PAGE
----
'Looper.loop()', with the static public variable optionally containing
information about the button that was pressed/tapped.

Simple, clean, works.

This is MUCH better than having to process this sort of thing
asynchronously, having to break things up into chunks just to satisfy
Google's somewhat limited vision of how things need to be. And, for
other 'async things' (like bluetooth, web server queries, network
activity in general) where you can NOT use the main UI thread, you can
use similar techniques. One caveat: It doesn't work if 'Looper.loop()'
will cause things to screw up, so you have to limit (slightly) where you
do this. But your average 'onClick' handler for buttons and menus and
stuff does it just fine.

And while you wait, the rest of the UI behaves as it ought to, nice and
clean without stuttering nor stalling.

Eli the Bearded

unread,
Oct 4, 2017, 3:27:03 PM10/4/17
to
In alt.hackers, Big Bad Bob <BigBadBob-at...@testing.local> wrote:
> ObHack - using 'patch' concrete to build ramps, etc. for use inside a
> desert turtle's living space, which has playground sand and river rocks
> and other stuff in it. OK haven't actually done it YET, but I bought
> the materials... but the turtle kinda needs a ramp to get in/out of the
> pool of water. [right now it's possible for him by climbing on rocks,
> which he does]

How did that work out? I've seen various grades of small batch concrete
used for art projects, things that might otherwise be done with plaster
of Paris. I've been considering tryting some projects, but haven't yet.

ObHack: New job, new office, new projects. But the best "hack" isn't
about the work at all. I'm in a small shared office in an old building
with windows that open. These are double hung sash, with counterweights,
a very typical early to mid 20th C window design. But for some reason,
the sash weight is too heavy. Unlock the window and it will slide,
slowly, all the way open.

https://en.wikipedia.org/wiki/Sash_window

I know how to repair these sorts of windows, I've replaced broken sash
ropes in my own house, but it's a fair amount of work, and not something
I'm going to undertake in a rented office. So I found a way to wedge
something between the sliding window and the frame. Day one used wadded
paper, which was not easily wedged in or all that effective. Days two to
now use a plastic knife, the type given out with take out food. The
knife has a top re-enforcement that gives it a slight T shape. This is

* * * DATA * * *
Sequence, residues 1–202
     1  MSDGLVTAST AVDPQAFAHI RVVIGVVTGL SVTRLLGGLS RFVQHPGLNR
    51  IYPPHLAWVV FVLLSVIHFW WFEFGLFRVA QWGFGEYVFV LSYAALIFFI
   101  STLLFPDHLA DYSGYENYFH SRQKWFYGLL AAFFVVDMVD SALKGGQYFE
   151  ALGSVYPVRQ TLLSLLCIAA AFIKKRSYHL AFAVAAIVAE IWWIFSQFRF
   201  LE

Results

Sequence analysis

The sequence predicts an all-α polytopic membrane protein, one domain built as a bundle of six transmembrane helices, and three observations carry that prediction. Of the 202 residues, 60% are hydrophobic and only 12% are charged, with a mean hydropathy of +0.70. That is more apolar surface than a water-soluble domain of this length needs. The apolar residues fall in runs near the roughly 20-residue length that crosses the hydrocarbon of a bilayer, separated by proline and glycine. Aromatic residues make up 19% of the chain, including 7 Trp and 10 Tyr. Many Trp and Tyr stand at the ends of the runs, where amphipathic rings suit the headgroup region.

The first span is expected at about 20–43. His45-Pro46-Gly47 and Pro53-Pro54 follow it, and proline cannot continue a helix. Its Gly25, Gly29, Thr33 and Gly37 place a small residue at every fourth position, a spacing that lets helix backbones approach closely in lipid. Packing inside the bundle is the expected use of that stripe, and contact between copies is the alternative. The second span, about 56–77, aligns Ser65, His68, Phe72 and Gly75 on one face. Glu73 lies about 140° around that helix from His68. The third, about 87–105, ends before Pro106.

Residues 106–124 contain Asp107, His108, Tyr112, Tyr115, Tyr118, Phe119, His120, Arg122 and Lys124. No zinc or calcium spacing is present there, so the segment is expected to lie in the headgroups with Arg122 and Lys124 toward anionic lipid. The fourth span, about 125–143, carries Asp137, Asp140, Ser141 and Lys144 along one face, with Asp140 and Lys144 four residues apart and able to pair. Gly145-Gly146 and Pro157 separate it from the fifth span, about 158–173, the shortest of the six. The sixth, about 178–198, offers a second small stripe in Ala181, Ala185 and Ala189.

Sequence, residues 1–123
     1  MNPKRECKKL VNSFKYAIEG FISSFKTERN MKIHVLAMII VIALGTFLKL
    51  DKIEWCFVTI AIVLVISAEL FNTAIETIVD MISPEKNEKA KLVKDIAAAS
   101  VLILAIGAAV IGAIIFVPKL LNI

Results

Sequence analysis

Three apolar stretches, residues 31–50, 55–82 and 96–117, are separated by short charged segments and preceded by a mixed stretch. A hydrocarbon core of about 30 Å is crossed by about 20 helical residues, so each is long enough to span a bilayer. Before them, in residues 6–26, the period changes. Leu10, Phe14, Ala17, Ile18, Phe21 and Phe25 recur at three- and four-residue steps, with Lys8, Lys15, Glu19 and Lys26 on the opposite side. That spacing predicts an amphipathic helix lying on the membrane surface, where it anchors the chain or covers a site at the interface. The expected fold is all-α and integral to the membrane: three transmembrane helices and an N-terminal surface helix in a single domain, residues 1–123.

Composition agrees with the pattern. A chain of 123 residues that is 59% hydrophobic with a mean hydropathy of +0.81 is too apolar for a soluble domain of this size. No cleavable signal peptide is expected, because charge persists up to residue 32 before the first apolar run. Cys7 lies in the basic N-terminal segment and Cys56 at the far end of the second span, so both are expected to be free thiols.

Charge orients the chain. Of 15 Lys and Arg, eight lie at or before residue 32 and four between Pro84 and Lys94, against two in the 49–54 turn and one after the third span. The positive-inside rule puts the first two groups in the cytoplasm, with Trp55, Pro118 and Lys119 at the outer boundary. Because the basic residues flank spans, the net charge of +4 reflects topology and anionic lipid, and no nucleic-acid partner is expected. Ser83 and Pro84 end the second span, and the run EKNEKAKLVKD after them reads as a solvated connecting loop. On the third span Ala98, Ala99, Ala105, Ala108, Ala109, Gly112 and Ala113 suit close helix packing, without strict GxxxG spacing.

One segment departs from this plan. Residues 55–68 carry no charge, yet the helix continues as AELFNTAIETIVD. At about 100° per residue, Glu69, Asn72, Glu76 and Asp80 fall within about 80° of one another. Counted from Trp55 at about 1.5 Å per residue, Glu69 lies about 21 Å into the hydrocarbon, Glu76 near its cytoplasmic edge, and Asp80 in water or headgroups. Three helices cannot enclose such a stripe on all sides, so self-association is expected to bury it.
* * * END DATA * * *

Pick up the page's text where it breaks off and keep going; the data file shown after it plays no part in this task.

perfect for a slim door-stop type action, and the handle makes it easy
to install and remove.

Next issue is always remembering to close it. There is no screen on the
window, and I've seen pigeons land on the outside sill to eye me. I have
no doubt they'd enter and explore if given the opportunity.

Elijah
------
sixth floor, 108 steps up when not using the (slow) elevator

Steven M. O'Neill

unread,
Oct 4, 2017, 4:03:12 PM10/4/17
to
Eli the Bearded <*@eli.users.panix.com> wrote:
>I know how to repair these sorts of windows, I've replaced broken sash
>ropes in my own house, but it's a fair amount of work, and not something
>I'm going to undertake in a rented office. So I found a way to wedge
>something between the sliding window and the frame. Day one used wadded
>paper, which was not easily wedged in or all that effective. Days two to
>now use a plastic knife, the type given out with take out food. The
>knife has a top re-enforcement that gives it a slight T shape. This is
>perfect for a slim door-stop type action, and the handle makes it easy
>to install and remove.

Nice, but I've always thought of you as more of a Unix hacker
than a windows hacker.

--
Steven O'Neill ste...@panix.com
Brooklyn, NY http://www.panix.com/~steveo

Eli the Bearded

unread,
Oct 6, 2017, 4:25:26 PM10/6/17
to
In alt.hackers, Steven M. O'Neill <ste...@panix.com> wrote:
> Eli the Bearded <*@eli.users.panix.com> wrote:
>> I know how to repair these sorts of windows, I've replaced broken sash
>> ropes in my own house, but it's a fair amount of work, and not something
>> I'm going to undertake in a rented office.
> Nice, but I've always thought of you as more of a Unix hacker
> than a windows hacker.

Well, not an MS Windows hacker. :^)

But where's your ObHack?

ObHack: Getting a freebie (swag) touch screen stylus and leaving it by
the kitchen sink. This allows control of a tablet or computer sitting
next to the sink without putting your wet fingers too near it. Ideal for
watching video while dish washing.

Elijah
------
might need to pause or rewind a bit when the water is too loud

Steven M. O'Neill

unread,
Oct 6, 2017, 4:45:09 PM10/6/17
to
Eli the Bearded <*@eli.users.panix.com> wrote:
>In alt.hackers, Steven M. O'Neill <ste...@panix.com> wrote:
>> Eli the Bearded <*@eli.users.panix.com> wrote:
>>> I know how to repair these sorts of windows, I've replaced broken sash
>>> ropes in my own house, but it's a fair amount of work, and not something
>>> I'm going to undertake in a rented office.
>> Nice, but I've always thought of you as more of a Unix hacker
>> than a windows hacker.
>
>Well, not an MS Windows hacker. :^)
>
>But where's your ObHack?

If one posts here without an ObHack is that like hacking the ng?

Big Bad Bob

unread,
Oct 15, 2017, 3:15:30 PM10/15/17
to
On 10/06/17 13:45, Steven M. O'Neill wrote:
> Eli the Bearded <*@eli.users.panix.com> wrote: